More films are trying their luck in October this year, most notably “Argo” and the start of the limited roll-out for “The Sessions,” although “Cloud Atlas,” David Chase‘s “Not Fade Away,” “Killing Them Softly,” “Smashed” and “Seven Psychopaths” all have some hope of being in the conversation. It’s a smart move for “Argo,” which could risk being overshadowed by bigger, less cerebral fare if it went later in the year, but it’s riskier for “The Sessions,” given the way that fellow Sundance grads “Like Crazy” and “Martha Marcy May Marlene” failed to make dents in anything but the Independent Spirit Awards last year.
November is when the heaviest hitters often start to come out. The three biggest contenders last year, “The Artist,” “Hugo” and “The Descendants” were all released within ten days of each other in the run up to Thanksgiving last year, and recent winners “No Country For Old Men,” “Slumdog Millionaire” and “The King’s Speech” all landed within the eleventh month. It lets movies play over Thanksgiving, one of the biggest moviegoing weekends of the year, and is just before critics awards and Top 10 lists start to emerge, but it’s also still early enough that films have time to build a little traction over the coming weeks, especially crucial for limited release fare (which all of the above, bar “Hugo,” were). That said, a lukewarm reception, like those for “J. Edgar” and “A Dangerous Method” last year, can still kill a film stone dead, awards-wise, especially if other, better-regarded fare hits around the same time. This year, November is especially stacked. The month kicks off with “Flight,” Spielberg’s “Lincoln” rolls out the next week, “Anna Karenina” and “Rust & Bone” the one after, and “Life Of Pi” (in a slot clearly following the template of the similarly three-dimensional “Hugo”) and “The Silver Linings Playbook” closing things off over Thanksgiving weekend.
December is, traditionally, more of a mixed bag. Both “War Horse” and the critically-reviled “Extremely Loud And Incredibly Close” last year benefited from being the last films to be revealed, seemingly making the Best Picture shortlist less because of quality, and more because they were simply the most recent film in voters’ memory (“The Iron Lady” and “The Girl With The Dragon Tattoo” missed out on the big nomination, but still picked up key awards and nominations, so could probably be deemed successes too). It’s not difficult to imagine that had Warners swapped Daldry’s film over with Clint Eastwood‘s “J. Edgar,” it might have been the latter that ended up with the Best Picture nod. But at the same time, it proved a disappointing month for limited releases: “Tinker Tailor Soldier Spy,” “We Need To Talk About Kevin,” “Young Adult” and “In The Land Of Blood & Honey” all started roll-outs in December, and all failed to live up to expectations, awards-wise. With little time to build momentum before ballots are due, and often bowing too late to figure on Top 10 lists and critics’ groups awards, it’s a real risk for films that need to unfold more organically.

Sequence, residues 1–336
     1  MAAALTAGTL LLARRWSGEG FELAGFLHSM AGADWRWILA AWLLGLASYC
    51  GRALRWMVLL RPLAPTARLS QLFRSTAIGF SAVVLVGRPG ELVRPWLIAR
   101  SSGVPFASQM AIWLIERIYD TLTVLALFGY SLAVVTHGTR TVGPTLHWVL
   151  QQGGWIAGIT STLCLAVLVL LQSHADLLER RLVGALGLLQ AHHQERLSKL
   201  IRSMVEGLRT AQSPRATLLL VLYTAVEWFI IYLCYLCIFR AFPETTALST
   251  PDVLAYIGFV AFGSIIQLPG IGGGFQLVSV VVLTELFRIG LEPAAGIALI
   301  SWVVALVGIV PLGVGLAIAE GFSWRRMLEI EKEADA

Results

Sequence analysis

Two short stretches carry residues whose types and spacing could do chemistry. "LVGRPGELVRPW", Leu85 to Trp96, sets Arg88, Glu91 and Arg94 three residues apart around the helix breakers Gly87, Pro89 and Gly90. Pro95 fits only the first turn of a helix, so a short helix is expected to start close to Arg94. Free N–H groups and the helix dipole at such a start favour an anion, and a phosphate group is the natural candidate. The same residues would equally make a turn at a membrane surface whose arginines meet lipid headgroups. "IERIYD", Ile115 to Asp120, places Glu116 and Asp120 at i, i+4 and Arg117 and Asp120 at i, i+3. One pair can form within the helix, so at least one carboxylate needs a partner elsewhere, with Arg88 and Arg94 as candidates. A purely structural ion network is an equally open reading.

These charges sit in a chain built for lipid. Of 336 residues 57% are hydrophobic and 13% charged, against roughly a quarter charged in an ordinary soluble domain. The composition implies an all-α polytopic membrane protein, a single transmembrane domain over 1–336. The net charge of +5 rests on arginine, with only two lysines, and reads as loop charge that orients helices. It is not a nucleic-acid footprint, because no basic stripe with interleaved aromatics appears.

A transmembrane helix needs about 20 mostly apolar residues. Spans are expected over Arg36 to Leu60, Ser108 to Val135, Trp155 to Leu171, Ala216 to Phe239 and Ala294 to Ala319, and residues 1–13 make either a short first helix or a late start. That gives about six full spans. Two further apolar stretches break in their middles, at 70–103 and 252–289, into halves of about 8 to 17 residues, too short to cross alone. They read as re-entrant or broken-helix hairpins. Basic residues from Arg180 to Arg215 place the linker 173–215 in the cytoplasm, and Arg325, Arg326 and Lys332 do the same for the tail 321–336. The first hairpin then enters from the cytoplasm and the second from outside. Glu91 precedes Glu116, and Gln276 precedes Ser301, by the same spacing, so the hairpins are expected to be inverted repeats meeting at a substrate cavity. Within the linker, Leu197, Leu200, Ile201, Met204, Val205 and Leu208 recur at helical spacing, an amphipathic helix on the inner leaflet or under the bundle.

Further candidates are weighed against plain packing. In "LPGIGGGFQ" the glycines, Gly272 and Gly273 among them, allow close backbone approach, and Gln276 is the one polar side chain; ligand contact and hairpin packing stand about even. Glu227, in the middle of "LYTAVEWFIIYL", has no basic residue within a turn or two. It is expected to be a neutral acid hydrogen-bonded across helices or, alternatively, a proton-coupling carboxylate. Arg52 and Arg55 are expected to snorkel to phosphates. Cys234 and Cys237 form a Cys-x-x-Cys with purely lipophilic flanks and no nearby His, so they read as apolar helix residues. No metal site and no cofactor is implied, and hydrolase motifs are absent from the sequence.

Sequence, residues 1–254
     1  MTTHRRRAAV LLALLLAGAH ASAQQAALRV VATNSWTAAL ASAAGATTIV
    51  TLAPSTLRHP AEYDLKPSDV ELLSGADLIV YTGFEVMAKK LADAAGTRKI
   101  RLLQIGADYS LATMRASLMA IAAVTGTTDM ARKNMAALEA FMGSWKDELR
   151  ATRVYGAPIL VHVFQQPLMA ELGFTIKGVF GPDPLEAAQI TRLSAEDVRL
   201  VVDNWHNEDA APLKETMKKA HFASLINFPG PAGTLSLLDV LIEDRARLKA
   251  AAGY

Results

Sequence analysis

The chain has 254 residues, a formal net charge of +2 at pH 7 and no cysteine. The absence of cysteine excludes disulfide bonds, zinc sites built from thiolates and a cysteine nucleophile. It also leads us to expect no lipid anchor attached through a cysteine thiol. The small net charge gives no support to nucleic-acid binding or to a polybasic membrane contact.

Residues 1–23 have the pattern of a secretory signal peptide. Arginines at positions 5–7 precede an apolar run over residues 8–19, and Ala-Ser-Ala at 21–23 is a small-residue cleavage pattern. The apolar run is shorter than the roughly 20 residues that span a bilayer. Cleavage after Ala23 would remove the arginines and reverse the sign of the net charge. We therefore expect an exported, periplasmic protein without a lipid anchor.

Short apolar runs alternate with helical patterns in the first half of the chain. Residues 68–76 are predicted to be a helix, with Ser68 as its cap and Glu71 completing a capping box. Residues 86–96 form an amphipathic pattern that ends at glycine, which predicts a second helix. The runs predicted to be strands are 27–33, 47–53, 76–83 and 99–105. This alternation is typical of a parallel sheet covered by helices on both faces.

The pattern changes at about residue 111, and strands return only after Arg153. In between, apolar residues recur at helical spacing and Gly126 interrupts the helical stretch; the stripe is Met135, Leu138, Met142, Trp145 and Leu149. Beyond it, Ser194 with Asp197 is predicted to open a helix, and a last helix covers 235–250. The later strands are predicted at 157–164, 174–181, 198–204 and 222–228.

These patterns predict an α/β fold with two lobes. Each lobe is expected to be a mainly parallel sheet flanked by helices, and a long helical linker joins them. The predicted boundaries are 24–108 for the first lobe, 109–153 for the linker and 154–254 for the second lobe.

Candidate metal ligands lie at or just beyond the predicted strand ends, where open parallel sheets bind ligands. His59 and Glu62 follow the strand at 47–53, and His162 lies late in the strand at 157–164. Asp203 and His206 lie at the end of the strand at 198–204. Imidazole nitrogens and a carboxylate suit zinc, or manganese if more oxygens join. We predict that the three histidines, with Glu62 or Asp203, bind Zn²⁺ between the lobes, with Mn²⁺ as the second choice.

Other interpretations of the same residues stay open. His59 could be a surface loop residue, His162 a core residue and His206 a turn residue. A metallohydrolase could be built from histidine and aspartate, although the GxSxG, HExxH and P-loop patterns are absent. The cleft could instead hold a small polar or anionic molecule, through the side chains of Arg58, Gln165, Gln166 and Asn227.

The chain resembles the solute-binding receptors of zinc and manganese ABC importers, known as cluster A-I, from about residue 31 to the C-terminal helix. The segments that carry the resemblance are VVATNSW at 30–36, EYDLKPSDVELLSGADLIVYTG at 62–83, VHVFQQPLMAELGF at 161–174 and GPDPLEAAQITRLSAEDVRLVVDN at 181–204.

This latter point might bode poorly for “Amour” and “The Impossible,” which are both set to begin roll outs late in the month, but at the same time, both will be well-established from festival premieres by that point, so should have gotten the critical momentum going (“Hyde Park On Hudson” hits right at the start of the month, which gives it a little more time, and again is a TIFF premiere). More interestingly, much of the wider December releases are films that we’re unlikely to see much before Thanksgiving, and could turn out to be either awards juggernauts or principally commercial fare: “The Hobbit,” “Les Miserables,” “This Is 40,” “Zero Dark Thirty” and “Django Unchained.” The Kathryn Bigelow and Tom Hooper films are the best bets, but none seem to have the same potential to float through to a nod purely because they look like Oscar movies, like ‘Extremely Loud’ did last year. Make no mistake, it’ll be brutal throughout the month, and even a sniff of box office disappointment might see a film drop off fast.
Ultimately, release dates only matter so much — a film like “Lincoln” would be an awards contender even if it was released on February 1st. But knowing exactly when to roll out a film can be the difference between a Best Picture winner and a movie that never gets into the conversation, and it’ll be sort of fascinating to see how one of the most competitive seasons in recent memory ends up playing out.
Best Picture Chart: 28 Weeks To Go
(last week’s positions in brackets)
1. “Lincoln” (2)
Still playing its cards close to its chest, but that first image of Daniel Day-Lewis in character from earlier in the week certainly emphasized what a juggernaut this could be. Expect to see a trailer soon, which should be more telling.
2. “Les Miserables” (3)
It’s been pointed out that no dramatic musical has won an Oscar since “Cabaret” (assuming you take “Chicago” as a comedy, which we’re unconvinced by). But that said, virtually no dramatic musicals have been made (those that have, like “Dreamgirls,” did pretty well in terms of nominations), and certainly few with this kind of prestige. The shadow of “Phantom Of The Opera” still lingers, but Tom Hooper is certainly more talented than Joel Schumacher.
3. “Argo” (5)
Probably benefiting more than anything else from “The Great Gatsby” dropping out, this now looks like Warner Bros’ major awards hopeful. We’ve had commenters compare it to “Syriana,” but it’s a much more accessible, human story than that film, and could please crowds as well as critics.
4. “The Master” (1)
While it’s a little depressing that virtually every reaction out of that secret Santa Monica screening last week led with the film’s Oscar chances, rather than its quality, it is, obviously, useful for our purposes. And opinion seemed to be split; acting nominations are clearly going to happen, but is the film too difficult? We suspect the same voter block that got “The Tree Of Life” in last year will see it through, but that does depend on other factors…